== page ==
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Browsing named entities in a specific section of John Bell Hood., Advance and Retreat: Personal Experiences in the United States and Confederate Armies. Search the whole document.

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Clark (North Carolina, United States) (search for this): chapter 1
ur that it amounted to not less than nine or ten; we were equally certain that four to one were engaged against us. Lieutenant Fink came up the following day with a detachment of Infantry. Our troops returned to the scene of action and buried the dead, as I had neither pick nor shovel at the time of the encounter. Moreover I could not have delayed thereafter for any purpose, on account of the extreme suffering of the men for want of water. After a respite of a few days I marched to Fort Clark and there made a brief report of the affair, which is now, I presume, on file in Washington. General David E. Twiggs, commanding the Department, shortly afterwards published the following order: headquarters, Department of Texas. San Antonio, August 5th, 1857. Sir :-Lieutenant Hood's report was transmitted last mail; from subsequent information, not official, I think Lieutenant Hood's estimate of the Indian party was much too small. The same party, it appears, attacked the Calif
Utah (Utah, United States) (search for this): chapter 1
very important step in life. His uniform kindness to me whilst I was a Cadet, inclined me the more willingly to receive and remember this fatherly advice; and from these early relations first sprang my affection and veneration which grew in strength to the end of his eventful career. The latter part of that same year I was ordered to Fort Mason, situated near the Llano river, about forty miles distant from Fredericksburg. Colonel Albert Sidney Johnston was chief in command until sent to Utah. Although stationed with him but a short time, I became deeply impressed by the exalted character of this extraordinary man. Major George H. Thomas succeeded in authority; it was during my service as his Acting Adjutant that he specially won my high regard by his manliness and dignity. After the lapse of several months, and having grown weary of the routine duties of camp life, I determined to change the scene and start on a scouting expedition in search of the red men of the forests. Pr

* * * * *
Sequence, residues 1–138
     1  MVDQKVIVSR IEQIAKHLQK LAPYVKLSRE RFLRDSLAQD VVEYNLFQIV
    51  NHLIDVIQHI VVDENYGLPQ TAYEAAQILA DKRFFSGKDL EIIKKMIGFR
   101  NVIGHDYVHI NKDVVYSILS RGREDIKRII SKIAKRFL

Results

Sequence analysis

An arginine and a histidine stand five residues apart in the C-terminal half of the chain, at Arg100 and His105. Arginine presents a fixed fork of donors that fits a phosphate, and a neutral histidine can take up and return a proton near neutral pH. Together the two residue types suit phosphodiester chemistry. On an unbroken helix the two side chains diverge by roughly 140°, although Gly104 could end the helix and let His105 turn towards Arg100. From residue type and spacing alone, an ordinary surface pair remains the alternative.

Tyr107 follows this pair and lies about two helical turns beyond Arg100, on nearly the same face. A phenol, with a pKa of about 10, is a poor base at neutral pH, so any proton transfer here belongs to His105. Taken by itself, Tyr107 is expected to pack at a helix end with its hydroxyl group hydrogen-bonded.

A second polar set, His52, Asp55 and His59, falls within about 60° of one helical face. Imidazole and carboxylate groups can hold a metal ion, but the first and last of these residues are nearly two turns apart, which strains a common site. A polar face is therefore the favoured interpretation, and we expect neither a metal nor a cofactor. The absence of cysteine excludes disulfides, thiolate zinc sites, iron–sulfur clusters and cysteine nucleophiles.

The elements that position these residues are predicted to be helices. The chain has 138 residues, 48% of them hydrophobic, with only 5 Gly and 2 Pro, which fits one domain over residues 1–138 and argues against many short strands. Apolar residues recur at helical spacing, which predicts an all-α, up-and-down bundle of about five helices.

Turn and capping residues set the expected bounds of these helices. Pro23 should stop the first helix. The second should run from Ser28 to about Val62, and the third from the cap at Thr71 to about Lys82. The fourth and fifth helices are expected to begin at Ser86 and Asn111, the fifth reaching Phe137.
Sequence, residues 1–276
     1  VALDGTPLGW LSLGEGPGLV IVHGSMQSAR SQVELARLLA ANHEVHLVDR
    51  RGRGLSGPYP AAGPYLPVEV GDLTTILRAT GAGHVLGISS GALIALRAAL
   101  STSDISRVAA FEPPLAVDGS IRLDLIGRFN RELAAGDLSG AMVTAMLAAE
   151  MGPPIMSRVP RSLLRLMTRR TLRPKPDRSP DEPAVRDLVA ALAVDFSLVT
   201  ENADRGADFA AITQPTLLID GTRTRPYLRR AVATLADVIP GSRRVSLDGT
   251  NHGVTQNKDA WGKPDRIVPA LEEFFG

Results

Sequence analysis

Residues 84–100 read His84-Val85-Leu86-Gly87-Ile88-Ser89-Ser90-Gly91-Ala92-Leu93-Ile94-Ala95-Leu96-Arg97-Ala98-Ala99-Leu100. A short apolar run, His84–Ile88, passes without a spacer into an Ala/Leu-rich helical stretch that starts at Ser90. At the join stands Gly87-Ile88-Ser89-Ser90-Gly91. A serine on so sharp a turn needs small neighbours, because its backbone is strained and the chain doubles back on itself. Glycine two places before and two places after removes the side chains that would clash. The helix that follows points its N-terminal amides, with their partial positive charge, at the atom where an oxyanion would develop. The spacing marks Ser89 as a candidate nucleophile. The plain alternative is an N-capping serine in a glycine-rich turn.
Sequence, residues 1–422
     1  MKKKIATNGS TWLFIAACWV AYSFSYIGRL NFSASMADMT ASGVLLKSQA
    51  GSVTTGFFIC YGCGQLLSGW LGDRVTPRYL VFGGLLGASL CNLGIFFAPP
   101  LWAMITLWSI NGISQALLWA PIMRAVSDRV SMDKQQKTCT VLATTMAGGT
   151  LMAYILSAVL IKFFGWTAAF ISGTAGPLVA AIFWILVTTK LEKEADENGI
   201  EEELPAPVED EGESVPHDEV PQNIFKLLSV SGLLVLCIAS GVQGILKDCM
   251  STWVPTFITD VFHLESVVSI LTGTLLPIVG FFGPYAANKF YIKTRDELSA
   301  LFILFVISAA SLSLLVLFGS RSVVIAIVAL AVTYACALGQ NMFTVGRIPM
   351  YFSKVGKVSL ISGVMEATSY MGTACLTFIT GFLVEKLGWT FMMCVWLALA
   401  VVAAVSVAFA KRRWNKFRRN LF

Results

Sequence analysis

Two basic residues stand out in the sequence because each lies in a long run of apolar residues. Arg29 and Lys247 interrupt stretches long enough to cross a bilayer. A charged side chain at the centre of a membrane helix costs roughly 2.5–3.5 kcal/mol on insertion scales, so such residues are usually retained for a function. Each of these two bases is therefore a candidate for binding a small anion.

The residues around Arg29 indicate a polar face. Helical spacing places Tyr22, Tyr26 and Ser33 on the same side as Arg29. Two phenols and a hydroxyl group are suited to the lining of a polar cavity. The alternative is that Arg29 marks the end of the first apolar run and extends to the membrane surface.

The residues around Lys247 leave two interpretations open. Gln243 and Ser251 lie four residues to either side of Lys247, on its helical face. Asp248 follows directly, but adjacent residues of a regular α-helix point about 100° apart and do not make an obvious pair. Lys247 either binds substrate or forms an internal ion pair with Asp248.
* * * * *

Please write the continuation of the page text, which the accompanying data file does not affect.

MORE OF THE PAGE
West Point (New York, United States) (search for this): chapter 1
ned with a Company of Infantry. If this company had have been furnished with some fifteen or twenty horses, the second attack would not probably have been made. Lieutenant Hood's affair was a most gallant one, and much credit is due to both the officer and men. I am, sir, very respectfully, your obedient servant, (Signed) D. E. Twiggs, Brevet Major General, U. S. A., Commanding Department. To Lieutenant Colonel L. Thomas, Assistant Adjutant General, Headquarters of the Army, West Point, New York. I also afterwards learned through the Indian Agent that the Indians at the Reservation stated my command had killed nineteen warriors during the fight, and that General Twiggs's estimate was about correct in regard to numbers. The comparatively small loss we sustained is strong evidence that our shots proved most destructive, and that the Indians labored under an intense excitement which caused them generally to miss their mark. The fact that we were mounted and above their lev
Texas (Texas, United States) (search for this): chapter 1
Chapter 1: United States Army California and Texas Confederate States Army Virginia, Yorktown, Eltham's Landing, seven Pines or Fair Oaks. I received at the age of seventeen an appo the troops in Virginia by authority of the Governor of that State. During my long service in Texas I had had occasion to visit almost ever portion of that extensive and beautiful territory, and wfor life. Therefore when Kentucky failed to act, I entered the Confederate service from the State of Texas, which thenceforth became my adopted land. I arrived in Richmond about the 5th of May, sentand peaceful scenes we had passed through together but a year or two before upon the frontier of Texas. His office was in the third or fourth story of, I think, the Mechanics' Institute; and he had rne by the Texans, and to them is due the largest share of the honors of the day at Eltham. The Texas brigade lost eight killed and twentyeight wounded; in the other portions of the command there we
Mason (Texas, United States) (search for this): chapter 1
eration which grew in strength to the end of his eventful career. The latter part of that same year I was ordered to Fort Mason, situated near the Llano river, about forty miles distant from Fredericksburg. Colonel Albert Sidney Johnston was chiestart on a scouting expedition in search of the red men of the forests. Preparations were accordingly made, and I left Fort Mason on the morning of the 5th of July, 1857, in command of twenty-five men of Company G Second Cavalry, with an Indian guidndians waving a large white flag apparently hoisted from a mound. Orders from Washington had been issued before I left Fort Mason, notifying all United States troops that a party of Tonkaways were expected at the reservation, near Camp Cooper, and te of which passed through his lung), as he was making his way to the rear of the line. Early in August I returned to Fort Mason, where not long afterwards I was promoted to the rank of First Lieutenant, assigned to Company K, and placed on duty at